Mentions: We start the simulations from a fixed number Nm of inactive monomers, randomly distributed in space, and then study the effect of different concentrations, measured by the dimensionless density . We quantify the aggregation kinetics by measuring the weighted polymer mass mw=‹i2›/‹i›, where i is the number of monomers in each polymer and the average is taken over different realizations of the process. This observable is accessible experimentally through dynamic light scattering34. Figure 2a shows that for kf=0 the weighted mass kinetics displays a crossover between a short-time regime growing as t2, owing to activation and dimerization (Supplementary Fig. 1), and a long-time regime growing as tβ with β≃0.5, owing to polymer–polymer aggregation. The results are in agreement with experiments34. We fit the curves obtained at different densities to a crossover function (see Supplementary Information) depending on a crossover time τ scaling as ρ−γ (see the inset of Fig. 2b). The best fit yields γ=0.149±0.002 and allows rescaling of all the curves onto a single master curve. This result confirms that the concentration only sets the timescale of the kinetics. In Fig. 2c, we study the effect of polymer fragmentation showing that if kf>0 the polymerization process is blocked after a characteristic time that depends on kf. The role of latentization is illustrated in Fig. 2d, which shows that the long-time growth is not affected if kL>0. Latentization induces a plateau in the crossover region, a feature that is also observed in experiments (see the inset of Fig. 2d and ref. 34). Mean-field theory can also be used to study polymerization kinetics in vitro, and yields qualitative agreement with the 3D model, albeit with quantitative differences, as shown in Fig. 3. However, the two models agree on essential features.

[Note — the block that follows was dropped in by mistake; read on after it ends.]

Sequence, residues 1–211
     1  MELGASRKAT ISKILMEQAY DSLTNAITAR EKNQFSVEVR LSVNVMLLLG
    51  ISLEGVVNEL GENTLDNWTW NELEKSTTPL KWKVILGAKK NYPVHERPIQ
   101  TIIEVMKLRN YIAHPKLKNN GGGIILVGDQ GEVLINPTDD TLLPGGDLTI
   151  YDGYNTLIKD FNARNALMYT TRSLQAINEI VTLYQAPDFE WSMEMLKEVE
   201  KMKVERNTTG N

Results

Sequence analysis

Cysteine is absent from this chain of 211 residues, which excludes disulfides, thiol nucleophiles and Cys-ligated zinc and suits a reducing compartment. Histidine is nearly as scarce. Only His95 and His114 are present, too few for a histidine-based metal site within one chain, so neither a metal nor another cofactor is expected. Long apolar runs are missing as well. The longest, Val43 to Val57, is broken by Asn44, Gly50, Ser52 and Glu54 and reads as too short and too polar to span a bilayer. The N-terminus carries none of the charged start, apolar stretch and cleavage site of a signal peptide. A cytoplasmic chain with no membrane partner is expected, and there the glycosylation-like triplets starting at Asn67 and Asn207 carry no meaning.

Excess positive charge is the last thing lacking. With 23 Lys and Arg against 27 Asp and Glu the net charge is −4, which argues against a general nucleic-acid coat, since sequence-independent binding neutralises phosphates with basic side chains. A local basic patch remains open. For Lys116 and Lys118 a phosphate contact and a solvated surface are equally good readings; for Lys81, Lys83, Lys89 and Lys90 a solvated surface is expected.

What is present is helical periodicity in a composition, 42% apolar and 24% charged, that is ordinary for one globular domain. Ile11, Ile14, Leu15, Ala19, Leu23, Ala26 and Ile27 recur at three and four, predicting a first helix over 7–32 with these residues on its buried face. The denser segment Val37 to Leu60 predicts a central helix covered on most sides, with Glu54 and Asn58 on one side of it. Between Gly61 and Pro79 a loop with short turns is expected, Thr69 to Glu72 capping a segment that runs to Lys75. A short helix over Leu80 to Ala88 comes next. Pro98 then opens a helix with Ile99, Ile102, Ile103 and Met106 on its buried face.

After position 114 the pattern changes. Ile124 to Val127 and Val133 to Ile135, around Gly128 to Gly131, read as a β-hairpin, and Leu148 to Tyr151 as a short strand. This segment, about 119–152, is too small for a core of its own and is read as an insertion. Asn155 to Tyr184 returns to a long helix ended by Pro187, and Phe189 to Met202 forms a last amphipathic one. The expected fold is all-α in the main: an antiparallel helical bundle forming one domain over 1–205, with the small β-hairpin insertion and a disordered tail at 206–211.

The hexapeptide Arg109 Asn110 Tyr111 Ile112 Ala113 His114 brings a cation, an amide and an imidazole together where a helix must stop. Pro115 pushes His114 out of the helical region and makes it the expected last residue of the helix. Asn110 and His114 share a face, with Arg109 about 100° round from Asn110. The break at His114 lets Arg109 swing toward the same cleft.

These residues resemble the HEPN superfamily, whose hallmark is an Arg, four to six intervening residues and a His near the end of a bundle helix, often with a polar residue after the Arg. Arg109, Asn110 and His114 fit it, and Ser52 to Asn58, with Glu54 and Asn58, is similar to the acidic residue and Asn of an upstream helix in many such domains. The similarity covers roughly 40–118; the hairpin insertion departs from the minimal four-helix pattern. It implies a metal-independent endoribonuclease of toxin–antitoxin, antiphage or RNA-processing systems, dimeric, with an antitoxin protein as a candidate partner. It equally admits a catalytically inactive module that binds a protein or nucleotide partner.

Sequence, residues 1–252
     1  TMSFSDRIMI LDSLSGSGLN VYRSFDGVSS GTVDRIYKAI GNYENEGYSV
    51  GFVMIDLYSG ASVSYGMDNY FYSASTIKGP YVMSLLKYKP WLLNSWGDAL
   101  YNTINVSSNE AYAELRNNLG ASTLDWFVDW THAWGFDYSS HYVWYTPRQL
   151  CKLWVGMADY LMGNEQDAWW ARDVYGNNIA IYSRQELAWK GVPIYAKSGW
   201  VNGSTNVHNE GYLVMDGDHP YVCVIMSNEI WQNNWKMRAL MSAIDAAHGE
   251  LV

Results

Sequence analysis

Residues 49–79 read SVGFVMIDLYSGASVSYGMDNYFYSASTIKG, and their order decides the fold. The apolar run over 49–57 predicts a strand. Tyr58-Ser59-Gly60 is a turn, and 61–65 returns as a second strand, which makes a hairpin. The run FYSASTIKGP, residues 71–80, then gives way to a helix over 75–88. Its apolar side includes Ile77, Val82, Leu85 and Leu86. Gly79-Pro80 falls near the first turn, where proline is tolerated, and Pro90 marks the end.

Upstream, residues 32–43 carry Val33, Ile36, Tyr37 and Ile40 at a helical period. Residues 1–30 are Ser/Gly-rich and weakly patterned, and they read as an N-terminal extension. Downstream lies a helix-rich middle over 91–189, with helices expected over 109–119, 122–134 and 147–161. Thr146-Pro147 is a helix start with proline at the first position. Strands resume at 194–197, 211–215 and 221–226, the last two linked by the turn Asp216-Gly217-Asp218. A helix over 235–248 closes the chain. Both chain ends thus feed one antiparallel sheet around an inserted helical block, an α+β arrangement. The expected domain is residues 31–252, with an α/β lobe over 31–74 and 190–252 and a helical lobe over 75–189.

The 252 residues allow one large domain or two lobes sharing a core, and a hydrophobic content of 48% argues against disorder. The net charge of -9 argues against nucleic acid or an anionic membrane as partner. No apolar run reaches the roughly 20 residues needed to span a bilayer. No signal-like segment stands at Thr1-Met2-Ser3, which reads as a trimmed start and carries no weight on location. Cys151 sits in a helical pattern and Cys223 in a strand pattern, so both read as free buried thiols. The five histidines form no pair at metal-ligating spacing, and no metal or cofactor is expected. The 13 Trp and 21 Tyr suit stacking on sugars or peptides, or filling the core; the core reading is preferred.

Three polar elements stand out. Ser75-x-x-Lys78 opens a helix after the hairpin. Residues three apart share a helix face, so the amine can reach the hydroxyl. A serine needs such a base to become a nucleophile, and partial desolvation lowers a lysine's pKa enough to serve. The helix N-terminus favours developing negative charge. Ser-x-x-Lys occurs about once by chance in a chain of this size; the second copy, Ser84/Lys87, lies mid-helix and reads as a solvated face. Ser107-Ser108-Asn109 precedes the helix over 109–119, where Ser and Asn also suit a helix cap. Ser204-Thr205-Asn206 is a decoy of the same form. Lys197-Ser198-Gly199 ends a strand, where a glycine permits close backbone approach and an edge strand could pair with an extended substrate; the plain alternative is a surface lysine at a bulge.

Protein accumulation in the endoplasmic reticulum as a non-equilibrium phase transition.

Budrikis Z, Costantini G, La Porta CA, Zapperi S - Nat Commun (2014)

Qualitative agreement between mean-field and 3D models.(a) In a model with activation (kA=1) and no polymer fragmentation or latentization (kf=kL=0), the weighted mean polymer size mw=M2/M1 exhibits a transition from growth as t3 to linear scaling in t. Here we have plotted against time rescaled by activation rate, kAt. (b) For fixed kA, time series for different kP values can be collapsed by rescaling mw−1 by kp. (c) Allowing polymer fragmentation limits the growth of polymers. Here the activation rate is kA=1, the polymerization rate kp=1, and there is no latentization (kL=0), and the growth in unweighted mean size of polymers of length i≥2,  has been plotted. (d) Latentization slows polymer growth, as seen here for the weighted mean polymer size mw. Activation is not incorporated here, and no fragmentation occurs (kf=0), and kp=1. We plot against time rescaled by kp. When fragmentation is allowed, the system always attains a steady state in which all mass consists of latent monomers. Analogous plots for the 3D model are shown in Fig. 2.
© Copyright Policy - open-access
Related In: Results  -  Collection

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Show All Figures
getmorefigures.php?uid=PMC4048836&req=5

f3: Qualitative agreement between mean-field and 3D models.(a) In a model with activation (kA=1) and no polymer fragmentation or latentization (kf=kL=0), the weighted mean polymer size mw=M2/M1 exhibits a transition from growth as t3 to linear scaling in t. Here we have plotted against time rescaled by activation rate, kAt. (b) For fixed kA, time series for different kP values can be collapsed by rescaling mw−1 by kp. (c) Allowing polymer fragmentation limits the growth of polymers. Here the activation rate is kA=1, the polymerization rate kp=1, and there is no latentization (kL=0), and the growth in unweighted mean size of polymers of length i≥2, has been plotted. (d) Latentization slows polymer growth, as seen here for the weighted mean polymer size mw. Activation is not incorporated here, and no fragmentation occurs (kf=0), and kp=1. We plot against time rescaled by kp. When fragmentation is allowed, the system always attains a steady state in which all mass consists of latent monomers. Analogous plots for the 3D model are shown in Fig. 2.